What We've Been Up To - Our Annual Report!



It's nearly time for our AGM (if you haven't done so yet, you can get your tickets here) and all our members have been sent the full annual report, but we also wanted to give our supporters and interested people an overview of our year.  This is an extract from the report to members. 

Please note; you don't have to be a WFI member, or even supporter to come to our AGM.  You don't even have to be a Yes voter.  You just have to be a woman who wants to discuss how we make Scotland a better place.  


Our Annual Report

This is an edited version of the Annual Report from the National Committee that has been sent to all members of Women for Independence.

National Committee Meetings

The National Committee has met eight times in the period. 

The National Committee have provided leadership, direction and organisation on a range of campaigns, most of which were identified by members as key campaign priorities at the 2015 AGM.  They have represented WFI at a range of external meetings and events.

National Council Meetings

We aim to move National Council around Scotland to enable women who might not be able to travel to national events to attend.   In this period we have met five times, in East Kilbride, Alloa, Kilmarnock, Aberdeen and Galashiels

Other National Events

We held a very successful Women’s history event in Dundee in March 2016 “Shall We Not Speak For Ourselves”.   Attendees heard from a range of fascinating speakers on aspects of Scottish women’s history, including guided walks and workshops.  The event was highly praised by all who attended and made a modest profit.

Key Political Issues

The key political issues for WFI were identified at our AGM in 2015, then refined by National Council and the National Committee over the year.  This list is not exhaustive, but covers all the main discussions that have taken place at our National Council events.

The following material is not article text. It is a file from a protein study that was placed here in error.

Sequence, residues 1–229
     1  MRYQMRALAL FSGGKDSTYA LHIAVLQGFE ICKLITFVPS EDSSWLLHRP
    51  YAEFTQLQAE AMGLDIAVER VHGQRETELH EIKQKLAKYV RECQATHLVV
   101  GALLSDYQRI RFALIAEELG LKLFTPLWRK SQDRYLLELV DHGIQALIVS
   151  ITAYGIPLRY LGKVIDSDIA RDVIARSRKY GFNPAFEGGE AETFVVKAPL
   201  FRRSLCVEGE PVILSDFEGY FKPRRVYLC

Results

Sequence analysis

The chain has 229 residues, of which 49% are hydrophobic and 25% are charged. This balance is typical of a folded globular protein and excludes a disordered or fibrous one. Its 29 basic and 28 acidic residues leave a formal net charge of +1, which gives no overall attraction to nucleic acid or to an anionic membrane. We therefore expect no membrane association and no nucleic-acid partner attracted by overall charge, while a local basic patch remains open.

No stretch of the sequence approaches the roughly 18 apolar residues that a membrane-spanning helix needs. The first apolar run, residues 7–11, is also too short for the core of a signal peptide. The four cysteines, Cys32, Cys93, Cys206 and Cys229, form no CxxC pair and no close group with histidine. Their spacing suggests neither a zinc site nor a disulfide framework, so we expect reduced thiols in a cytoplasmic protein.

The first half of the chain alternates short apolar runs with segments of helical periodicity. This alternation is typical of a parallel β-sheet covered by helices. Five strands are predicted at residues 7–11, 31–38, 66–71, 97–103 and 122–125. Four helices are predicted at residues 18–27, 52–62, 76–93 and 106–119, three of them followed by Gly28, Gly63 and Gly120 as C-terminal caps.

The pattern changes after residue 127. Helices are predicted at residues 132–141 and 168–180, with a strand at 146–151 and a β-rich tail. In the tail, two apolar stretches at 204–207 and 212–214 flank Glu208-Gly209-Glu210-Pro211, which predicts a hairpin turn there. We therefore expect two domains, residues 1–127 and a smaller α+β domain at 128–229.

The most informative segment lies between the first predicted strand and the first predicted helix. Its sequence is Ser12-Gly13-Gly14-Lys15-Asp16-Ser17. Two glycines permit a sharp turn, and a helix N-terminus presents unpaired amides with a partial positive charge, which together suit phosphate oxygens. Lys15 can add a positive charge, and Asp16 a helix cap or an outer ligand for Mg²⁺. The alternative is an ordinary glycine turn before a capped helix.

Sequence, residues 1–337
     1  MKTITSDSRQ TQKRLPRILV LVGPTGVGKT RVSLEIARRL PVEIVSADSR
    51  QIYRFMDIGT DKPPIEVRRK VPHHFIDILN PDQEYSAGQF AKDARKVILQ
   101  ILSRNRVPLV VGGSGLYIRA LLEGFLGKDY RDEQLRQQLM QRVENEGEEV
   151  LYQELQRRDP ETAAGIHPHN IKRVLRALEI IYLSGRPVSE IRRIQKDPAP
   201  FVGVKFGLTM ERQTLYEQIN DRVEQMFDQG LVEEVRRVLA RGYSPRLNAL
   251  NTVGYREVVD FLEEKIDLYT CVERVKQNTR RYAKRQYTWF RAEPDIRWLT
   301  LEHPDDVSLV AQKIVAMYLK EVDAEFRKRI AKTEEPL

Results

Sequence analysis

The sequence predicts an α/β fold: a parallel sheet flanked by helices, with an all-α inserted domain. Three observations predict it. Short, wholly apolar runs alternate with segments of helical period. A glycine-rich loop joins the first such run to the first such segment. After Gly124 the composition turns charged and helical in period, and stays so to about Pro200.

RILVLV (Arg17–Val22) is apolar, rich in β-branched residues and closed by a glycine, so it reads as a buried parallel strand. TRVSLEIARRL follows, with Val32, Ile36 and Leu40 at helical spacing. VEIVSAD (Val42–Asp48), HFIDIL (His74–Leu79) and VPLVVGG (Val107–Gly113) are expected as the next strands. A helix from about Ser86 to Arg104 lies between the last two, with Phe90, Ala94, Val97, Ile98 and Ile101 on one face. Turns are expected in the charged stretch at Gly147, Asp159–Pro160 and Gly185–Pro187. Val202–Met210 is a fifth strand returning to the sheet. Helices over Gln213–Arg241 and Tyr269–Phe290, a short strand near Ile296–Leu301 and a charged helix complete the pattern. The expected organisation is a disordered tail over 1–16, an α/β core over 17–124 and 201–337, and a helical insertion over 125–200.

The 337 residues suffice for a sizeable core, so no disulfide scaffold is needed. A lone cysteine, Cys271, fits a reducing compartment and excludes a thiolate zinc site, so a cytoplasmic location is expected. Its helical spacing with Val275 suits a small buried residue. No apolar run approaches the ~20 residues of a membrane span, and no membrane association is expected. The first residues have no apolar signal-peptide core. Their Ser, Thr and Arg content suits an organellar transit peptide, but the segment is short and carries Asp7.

Listening Exercise; Following the success of our listening exercise in the run up to the 2014 Independence Referendum, we carried out a second exercise focused on what women want from the Scottish Parliament, holding sessions at National Council events and encouraging local WFI groups and individuals to hold their own exercises.   The final write-up was posted on our website and was reported positively by the media. 

Women and Justice Issues; Our work in helping to persuade the Scottish Government not to open a large women’s prison in Inverclyde was successful.  We will continue to support the implementation of smaller units for women prisoners, closer to their families.  We believe that for many women, prison sentences are not an appropriate or suitable response and that far fewer women should be in jail in Scotland.  Jean Urquhart MSP hosted a round table event in the Scottish Parliament on these issues, and we met with the Cabinet Secretary for Justice, Michael Mathieson.